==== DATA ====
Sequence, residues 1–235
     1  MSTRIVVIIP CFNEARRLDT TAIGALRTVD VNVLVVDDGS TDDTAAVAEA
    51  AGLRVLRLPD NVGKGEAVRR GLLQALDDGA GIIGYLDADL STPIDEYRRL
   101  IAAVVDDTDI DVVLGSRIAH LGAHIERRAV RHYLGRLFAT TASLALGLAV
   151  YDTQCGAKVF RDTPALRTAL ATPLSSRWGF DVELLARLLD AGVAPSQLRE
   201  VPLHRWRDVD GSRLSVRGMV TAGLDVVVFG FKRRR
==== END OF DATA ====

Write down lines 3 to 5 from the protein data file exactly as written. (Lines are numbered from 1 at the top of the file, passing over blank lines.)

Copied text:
    51  AGLRVLRLPD NVGKGEAVRR GLLQALDDGA GIIGYLDADL STPIDEYRRL
   101  IAAVVDDTDI DVVLGSRIAH LGAHIERRAV RHYLGRLFAT TASLALGLAV
   151  YDTQCGAKVF RDTPALRTAL ATPLSSRWGF DVELLARLLD AGVAPSQLRE